Congress is already gearing up to scrutinize the Comcast-NBC deal
The Federal Communications Commission is also expected to examine the deal. News of the government probes -- while expected -- comes as interest groups unloaded on the proposed megamerger. "This deal is a witch's brew," says Art Brodsky, spokesperson for Public Knowledge, a Washington, D.C., advocacy group that has tangled repeatedly with Comcast over broadband policy issues.
Rep. Henry A. Waxman (D.-Calif.), chairman of the House Energy and Commerce Committee, says he'll work with Rep. Rick Boucher (D-Va.), chairman of the Subcommittee on Communications, Technology and the Internet, to schedule hearings on this matter "at the earliest practicable date."
"This proposal raises questions regarding diversity, competition and the future of the production and distribution of video content across broadcasting, cable, online and mobile platforms," says Waxman. "It is imperative that the FCC, the Justice Department and the FTC rigorously assess whether this transaction is in the public interest."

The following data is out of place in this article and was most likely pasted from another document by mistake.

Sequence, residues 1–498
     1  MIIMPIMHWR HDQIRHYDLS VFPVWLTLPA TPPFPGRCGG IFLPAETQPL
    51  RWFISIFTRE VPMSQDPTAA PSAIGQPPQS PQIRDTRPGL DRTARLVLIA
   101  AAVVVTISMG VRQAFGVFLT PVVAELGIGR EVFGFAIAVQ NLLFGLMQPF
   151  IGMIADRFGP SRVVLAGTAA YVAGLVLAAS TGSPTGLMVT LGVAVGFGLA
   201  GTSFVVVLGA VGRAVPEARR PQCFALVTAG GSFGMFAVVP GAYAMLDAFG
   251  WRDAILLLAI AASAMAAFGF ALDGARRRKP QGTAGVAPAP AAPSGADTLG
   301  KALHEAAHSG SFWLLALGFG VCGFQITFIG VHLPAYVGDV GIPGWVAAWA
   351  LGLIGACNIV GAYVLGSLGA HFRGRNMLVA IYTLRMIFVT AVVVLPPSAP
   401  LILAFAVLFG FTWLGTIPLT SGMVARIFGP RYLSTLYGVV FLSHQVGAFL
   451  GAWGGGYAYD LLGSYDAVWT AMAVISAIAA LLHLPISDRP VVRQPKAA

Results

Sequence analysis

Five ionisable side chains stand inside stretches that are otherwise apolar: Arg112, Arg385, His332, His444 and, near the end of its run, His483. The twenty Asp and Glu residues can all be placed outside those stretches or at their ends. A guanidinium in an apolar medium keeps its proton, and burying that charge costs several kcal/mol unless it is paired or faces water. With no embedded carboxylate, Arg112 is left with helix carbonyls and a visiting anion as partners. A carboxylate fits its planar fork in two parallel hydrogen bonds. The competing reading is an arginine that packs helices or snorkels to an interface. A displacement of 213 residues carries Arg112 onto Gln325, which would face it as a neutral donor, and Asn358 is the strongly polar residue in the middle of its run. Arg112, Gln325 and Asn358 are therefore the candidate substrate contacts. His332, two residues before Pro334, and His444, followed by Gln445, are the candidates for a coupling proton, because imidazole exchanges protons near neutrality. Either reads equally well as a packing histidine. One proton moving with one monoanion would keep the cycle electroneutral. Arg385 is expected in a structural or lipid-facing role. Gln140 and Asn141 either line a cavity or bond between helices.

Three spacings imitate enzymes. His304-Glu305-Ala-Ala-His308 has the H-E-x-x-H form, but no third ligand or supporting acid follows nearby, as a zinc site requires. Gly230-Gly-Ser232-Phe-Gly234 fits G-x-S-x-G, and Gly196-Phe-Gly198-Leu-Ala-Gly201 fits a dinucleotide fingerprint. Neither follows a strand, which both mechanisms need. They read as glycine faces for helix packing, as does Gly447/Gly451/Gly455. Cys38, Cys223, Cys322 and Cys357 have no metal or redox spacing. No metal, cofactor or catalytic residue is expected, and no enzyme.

Senate Communications Subcommittee Chairman Senator John Kerry (D-Mass.), says he intends to monitor the pact as well.
"The Comcast-NBC deal announced is extremely significant in scope and raises some complex questions that I fully expect Obama administration officials will consider carefully," Kerry said in a statement. "My subcommittee will monitor that process closely to ensure that any legitimate anticompetitive and public interest concerns are fully addressed."
A spokesperson for Waxman declined to elaborate on the timing of the hearings. An FCC spokesperson also declined to comment on the matter beyond saying, "The FCC will carefully examine the proposed merger and will be thorough, fair and fact-based in its review."
But interest groups weren't holding back.
"In combining a major television network, a movie studio, a cable programmer and the largest Internet service provider/cable operator, this new joint venture must be ready to take extraordinary steps to alleviate concerns about potential anticompetitive behavior if it expects the deal to be approved," says Gigi Sohn, founder and president of Public Knowledge.